Monkeys also believe in winning streaks, study shows

Jul 2, 2014

By Science Daily

Humans have a well-documented tendency to see winning and losing streaks in situations that, in fact, are random. But scientists disagree about whether the “hot-hand bias” is a cultural artifact picked up in childhood or a predisposition deeply ingrained in the structure of our cognitive architecture.

Now in the first study in non-human primates of this systematic error in decision making, researchers find that monkeys also share our unfounded belief in winning and losing streaks. The results suggests that the penchant to see patterns that actually don’t exist may be inherited — an evolutionary adaptation that may have provided our ancestors a selective advantage when foraging for food in the wild, according to lead author Tommy Blanchard, a doctoral candidate in brain and cognitive sciences at the University of Rochester.

The cognitive bias may be difficult to override even in situations that are truly random. This inborn tendency to feel that we are on a roll or in a slump may help explain why gambling can be so alluring and why the stock market is so prone to wild swings, said coauthor Benjamin Hayden, assistant professor brain and cognitive sciences at the University of Rochester.

Hayden, Blanchard, and Andreas Wilke, an assistant professor of psychology at Clarkson University, reported their findings in the July issue of the Journal of Experimental Psychology: Animal Learning and Cognition.

To measure whether monkeys actually believe in winning streaks, the researchers had to create a computerized game that was so captivating monkeys would want to play for hours. “Luckily, monkeys love to gamble,” said Blanchard. So the team devised a fast-paced task in which each monkey could choose right or left and receive a reward when they guessed correctly.

The researchers created three types of play, two with clear patterns (the correct answer tended to repeat on one side or to alternate from side to side) and a third in which the lucky pick was completely random. Where clear patterns existed, the three rhesus monkeys in the study quickly guessed the correct sequence. But in the random scenarios, the monkeys continued to make choices as if they expected a “streak.” In other words, even when rewards were random, the monkeys favored one side.

The monkeys showed the hot-hand bias consistently over weeks of play and an average of 1,244 trials per condition. “They had lots and lots of opportunities to get over this bias, to learn and change, and yet they continued to show the same tendency,” said Blanchard.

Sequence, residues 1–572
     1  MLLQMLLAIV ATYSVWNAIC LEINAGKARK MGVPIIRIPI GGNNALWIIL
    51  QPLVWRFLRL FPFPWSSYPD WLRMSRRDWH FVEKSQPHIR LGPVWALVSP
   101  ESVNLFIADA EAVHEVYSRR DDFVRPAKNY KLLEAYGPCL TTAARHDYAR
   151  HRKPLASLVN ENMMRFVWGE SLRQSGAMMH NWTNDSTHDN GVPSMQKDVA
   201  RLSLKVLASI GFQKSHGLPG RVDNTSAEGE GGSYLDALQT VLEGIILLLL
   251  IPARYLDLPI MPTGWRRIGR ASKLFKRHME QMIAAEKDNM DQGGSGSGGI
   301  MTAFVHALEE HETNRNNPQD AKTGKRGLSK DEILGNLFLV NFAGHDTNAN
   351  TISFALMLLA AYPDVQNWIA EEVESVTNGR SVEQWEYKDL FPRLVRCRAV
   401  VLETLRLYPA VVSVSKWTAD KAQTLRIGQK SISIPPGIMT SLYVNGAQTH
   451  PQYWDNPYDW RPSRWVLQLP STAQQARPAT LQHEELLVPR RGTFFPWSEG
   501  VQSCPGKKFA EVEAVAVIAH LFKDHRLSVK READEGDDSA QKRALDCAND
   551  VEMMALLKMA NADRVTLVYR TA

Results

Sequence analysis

2 comments on “Monkeys also believe in winning streaks, study shows

  • 1
    God fearing Atheist says:

    Either the article or the original research needs to up its game.

    If I have to pick left or right button, and I figure out the correct button is a random 50/50 guess, I might as well keep hitting the same button, because that is as good a solution as any other (it is a Nash equilibrium solution), and quite probably saves mental and physical effort. If it does save any effort at all (=calories) then it is the NE solution in evolutionary terms. They might have proved the monkeys are smarter than the researchers.

    If a monkey repeated a press after a win, and swapped on a loss, it might indicate belief in “lucky streaks”, but that is not what the article above states – it states “favoured one side” not “the side of the last win”.

    Can we please have a definition of “free will” before someone pontificates on the solution.



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  • It is correct that even learning the correct button to press would be rational (and a rational adaptation to the environment). It’s the best solution, as you point out, and the concept of a NE isn’t even necessary to argue that. The authors themselves say as much (an adaptation to “clumpy” environments).
    The summary here of course leaves out some details, so I would encourage people to read the article.

    I would probably object to the article in this way: while humans demonstrably know that the generating process is stochastic (i.e., the correct choice is completely random), how are the monkeys supposed to know this? My second criticism would be that this sort of work looks at (primate) behavior through behaviorist eyes, where decisions simply come from learned stimulus-reward associations. Humans aren’t that simplistic, and those monkeys aren’t, either.



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